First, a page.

Photographer Alanna Ralph Captures Real Women in Flattering Ways

In a world where super-thin models aren’t thin enough, Alanna Ralph is capturing real women in highly stylized sets. BIANCA GOLASA CRESPO shares Ralph’s inspiring story.

Photograph property of Alanna Ralph & Blush Photography

Sporting a pair of cat-eye glasses, Alanna Ralph, 31, plops herself onto the ornate couch in her lush photography studio, juxtaposed next to her beauty salon, Blush Salon. Satin, lace, and Victorian-patterned material adorn the corners of the area, the well-worn hardwood floor giving the studio a comfortable antiquated feel. The abundance of props, like white feather boas and an antique phonograph, casts Ralph’s woman den in fine colors of mauve, emerald, rosy pink, and other hues used to create magnificent visual art: from 1950s pinup shots to more theatrical themed shoots involving vampires, zombies and deeply gory horror scenes.

Nestled in the heart of Philadelphia’s Fishtown section, you will find these unique beauty spots owned by Ralph. She founded the salon in 2007 and has worked vigorously to live her dream and make her vision a reality ever since.

Ralph adjusts her glasses and smiles as she recalls her early years in Fishtown, which is home to old factories that appeal to the city’s arts-minded population. “It just snowballed,” Ralph says. “I always wanted a business, even at a young age. I never really had much back then, but I wanted to be happy, so I worked my way up.”

It was never easy for Ralph, a Fishtown native. Who practically raised herself from the age of 13, which is when her grandparents insisted she move out due to her different religious beliefs. “My father passed away when I was 11 years old. And due to my religion choice, my grandparents kicked me out. I drifted a little at the age of 13 while my mom had issues of her own. I got a job washing hair at 15 after I dropped out of high school, and then went back to school at age 17.”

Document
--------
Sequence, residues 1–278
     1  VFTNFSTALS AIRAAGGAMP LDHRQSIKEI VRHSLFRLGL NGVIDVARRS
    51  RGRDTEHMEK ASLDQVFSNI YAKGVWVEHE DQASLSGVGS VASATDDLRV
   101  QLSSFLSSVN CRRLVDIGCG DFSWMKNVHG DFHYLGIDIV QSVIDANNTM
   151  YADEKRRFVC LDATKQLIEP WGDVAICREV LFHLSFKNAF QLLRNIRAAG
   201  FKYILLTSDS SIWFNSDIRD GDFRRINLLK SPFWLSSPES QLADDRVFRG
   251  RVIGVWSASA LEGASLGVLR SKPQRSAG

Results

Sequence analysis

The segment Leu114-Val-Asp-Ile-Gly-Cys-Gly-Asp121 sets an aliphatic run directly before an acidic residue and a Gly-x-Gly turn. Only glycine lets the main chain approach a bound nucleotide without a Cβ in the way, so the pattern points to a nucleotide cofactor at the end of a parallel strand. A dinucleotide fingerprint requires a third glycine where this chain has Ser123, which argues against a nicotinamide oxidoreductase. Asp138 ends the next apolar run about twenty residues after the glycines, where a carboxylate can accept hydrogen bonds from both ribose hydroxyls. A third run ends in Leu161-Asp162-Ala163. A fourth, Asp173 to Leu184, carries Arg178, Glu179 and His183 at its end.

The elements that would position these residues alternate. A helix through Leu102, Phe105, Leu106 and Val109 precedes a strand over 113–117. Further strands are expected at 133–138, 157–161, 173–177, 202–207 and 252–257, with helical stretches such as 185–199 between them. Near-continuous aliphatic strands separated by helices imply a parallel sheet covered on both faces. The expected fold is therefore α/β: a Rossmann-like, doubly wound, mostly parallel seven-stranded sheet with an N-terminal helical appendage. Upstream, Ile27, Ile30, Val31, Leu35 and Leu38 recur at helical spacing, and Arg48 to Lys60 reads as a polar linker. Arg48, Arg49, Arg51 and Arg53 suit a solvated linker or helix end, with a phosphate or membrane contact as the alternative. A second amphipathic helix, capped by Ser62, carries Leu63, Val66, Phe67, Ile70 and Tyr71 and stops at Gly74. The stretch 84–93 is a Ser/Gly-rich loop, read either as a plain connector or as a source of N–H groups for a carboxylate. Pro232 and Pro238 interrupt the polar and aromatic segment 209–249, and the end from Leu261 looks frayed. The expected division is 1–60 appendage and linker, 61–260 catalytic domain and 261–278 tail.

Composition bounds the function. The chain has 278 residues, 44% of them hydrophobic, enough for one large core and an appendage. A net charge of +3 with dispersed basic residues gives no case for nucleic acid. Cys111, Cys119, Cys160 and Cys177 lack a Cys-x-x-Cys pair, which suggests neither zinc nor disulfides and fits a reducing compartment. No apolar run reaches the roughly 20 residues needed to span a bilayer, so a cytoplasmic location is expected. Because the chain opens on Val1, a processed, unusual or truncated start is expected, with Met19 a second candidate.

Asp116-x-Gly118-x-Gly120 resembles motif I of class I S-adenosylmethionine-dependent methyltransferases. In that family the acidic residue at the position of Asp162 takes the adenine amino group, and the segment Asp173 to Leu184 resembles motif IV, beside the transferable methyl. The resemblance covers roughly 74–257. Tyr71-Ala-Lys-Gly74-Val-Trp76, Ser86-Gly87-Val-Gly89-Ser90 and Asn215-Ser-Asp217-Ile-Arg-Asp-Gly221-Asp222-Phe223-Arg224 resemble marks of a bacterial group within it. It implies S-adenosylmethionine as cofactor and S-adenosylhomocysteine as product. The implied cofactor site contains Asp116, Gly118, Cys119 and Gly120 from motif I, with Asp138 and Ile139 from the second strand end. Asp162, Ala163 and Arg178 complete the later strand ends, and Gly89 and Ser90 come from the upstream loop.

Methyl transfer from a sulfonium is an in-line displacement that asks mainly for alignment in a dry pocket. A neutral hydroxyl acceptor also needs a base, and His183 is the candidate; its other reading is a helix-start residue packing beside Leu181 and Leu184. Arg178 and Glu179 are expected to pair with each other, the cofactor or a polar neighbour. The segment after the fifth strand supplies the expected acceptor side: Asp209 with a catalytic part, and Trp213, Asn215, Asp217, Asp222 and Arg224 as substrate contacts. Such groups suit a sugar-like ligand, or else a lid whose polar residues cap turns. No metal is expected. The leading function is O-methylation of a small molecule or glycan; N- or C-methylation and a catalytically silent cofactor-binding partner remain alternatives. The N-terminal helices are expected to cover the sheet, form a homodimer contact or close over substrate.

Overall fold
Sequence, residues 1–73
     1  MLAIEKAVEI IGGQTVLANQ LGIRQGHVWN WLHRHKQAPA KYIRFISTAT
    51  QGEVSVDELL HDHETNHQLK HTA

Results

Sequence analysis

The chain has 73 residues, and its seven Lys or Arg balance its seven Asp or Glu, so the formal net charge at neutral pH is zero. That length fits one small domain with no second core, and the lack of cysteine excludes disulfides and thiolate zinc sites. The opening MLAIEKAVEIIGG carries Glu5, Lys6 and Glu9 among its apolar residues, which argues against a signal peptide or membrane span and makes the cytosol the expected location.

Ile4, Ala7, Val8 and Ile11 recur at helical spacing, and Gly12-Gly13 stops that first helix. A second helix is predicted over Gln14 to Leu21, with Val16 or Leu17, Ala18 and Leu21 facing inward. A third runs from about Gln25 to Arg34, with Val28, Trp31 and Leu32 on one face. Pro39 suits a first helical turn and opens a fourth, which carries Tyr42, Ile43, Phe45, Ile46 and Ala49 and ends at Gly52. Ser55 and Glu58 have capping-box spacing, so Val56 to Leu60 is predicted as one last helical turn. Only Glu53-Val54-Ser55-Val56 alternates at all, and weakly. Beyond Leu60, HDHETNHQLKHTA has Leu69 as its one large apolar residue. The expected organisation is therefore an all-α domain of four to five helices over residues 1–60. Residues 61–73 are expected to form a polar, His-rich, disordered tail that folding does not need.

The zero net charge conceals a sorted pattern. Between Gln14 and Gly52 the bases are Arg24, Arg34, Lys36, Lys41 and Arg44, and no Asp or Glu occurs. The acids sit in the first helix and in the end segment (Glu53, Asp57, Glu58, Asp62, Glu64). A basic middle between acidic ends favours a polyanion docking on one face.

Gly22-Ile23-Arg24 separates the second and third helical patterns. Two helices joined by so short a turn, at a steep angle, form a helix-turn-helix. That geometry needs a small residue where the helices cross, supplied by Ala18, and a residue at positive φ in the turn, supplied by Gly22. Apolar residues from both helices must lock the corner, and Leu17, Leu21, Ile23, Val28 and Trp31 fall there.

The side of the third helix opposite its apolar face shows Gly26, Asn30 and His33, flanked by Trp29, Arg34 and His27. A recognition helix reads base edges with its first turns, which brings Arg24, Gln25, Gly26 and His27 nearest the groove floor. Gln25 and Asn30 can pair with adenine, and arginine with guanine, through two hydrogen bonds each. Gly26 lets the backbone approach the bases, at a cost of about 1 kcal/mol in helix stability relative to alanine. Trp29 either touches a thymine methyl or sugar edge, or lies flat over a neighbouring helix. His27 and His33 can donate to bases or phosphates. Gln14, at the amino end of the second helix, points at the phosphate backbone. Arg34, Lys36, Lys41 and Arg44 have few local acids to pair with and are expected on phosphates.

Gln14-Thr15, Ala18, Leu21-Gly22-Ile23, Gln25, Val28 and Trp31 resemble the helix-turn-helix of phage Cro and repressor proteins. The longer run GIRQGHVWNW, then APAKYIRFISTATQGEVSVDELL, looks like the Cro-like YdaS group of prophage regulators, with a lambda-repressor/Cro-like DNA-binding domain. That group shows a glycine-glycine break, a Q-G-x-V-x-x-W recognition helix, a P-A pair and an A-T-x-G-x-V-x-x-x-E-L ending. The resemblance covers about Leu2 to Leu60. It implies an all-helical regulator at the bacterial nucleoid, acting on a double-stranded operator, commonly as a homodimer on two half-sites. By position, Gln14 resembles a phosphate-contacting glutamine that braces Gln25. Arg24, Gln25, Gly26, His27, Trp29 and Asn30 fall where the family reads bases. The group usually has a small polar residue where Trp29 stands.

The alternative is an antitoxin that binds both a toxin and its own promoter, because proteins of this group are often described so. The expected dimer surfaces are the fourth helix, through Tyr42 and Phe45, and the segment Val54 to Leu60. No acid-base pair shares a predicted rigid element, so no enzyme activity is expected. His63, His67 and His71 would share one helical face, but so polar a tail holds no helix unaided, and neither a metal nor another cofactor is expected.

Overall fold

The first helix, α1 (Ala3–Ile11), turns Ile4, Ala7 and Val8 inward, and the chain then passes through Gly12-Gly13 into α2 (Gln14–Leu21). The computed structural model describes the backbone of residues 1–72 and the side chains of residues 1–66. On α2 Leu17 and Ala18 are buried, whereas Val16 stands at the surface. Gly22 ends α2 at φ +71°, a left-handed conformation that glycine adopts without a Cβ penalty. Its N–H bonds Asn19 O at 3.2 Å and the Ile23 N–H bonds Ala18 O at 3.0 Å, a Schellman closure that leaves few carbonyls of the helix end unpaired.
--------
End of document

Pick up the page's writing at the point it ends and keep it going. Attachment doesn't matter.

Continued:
During this time, Ralph acquired her first major job in a 70s nightclub, one of the highlights of her life. She eventually saved up enough money to buy a house at the age of 20. After that, Ralph worked at a law firm until she had enough money to own a salon. Around this period, she was also going to school for aesthetics.

Ralph specializes in natural skincare, her first love, and photography, both self-taught professions. “I used to make my own cosmetics,” she says animatedly.

Now, as a talented photographer and the founder of a beauty salon and spa, Ralph can say all of her diligence truly paid off. Salon Blush was recently awarded second place the category of Best Facials and ranked #8 on the list of Best Hair Salons on the Philly Hot List, published by local TV station PHL17. Ralph credits her gifted staff of beauticians for this accomplishment.

With her limited free time, Ralph travels the globe, using the time to absorb bafflingly different cultures. On her most recent trip, she went to India. “Everyone is so open there,” says Ralph. “They’re so pure and free. It’s very spiritual, as opposed to America, where spirituality is usually a private thing.”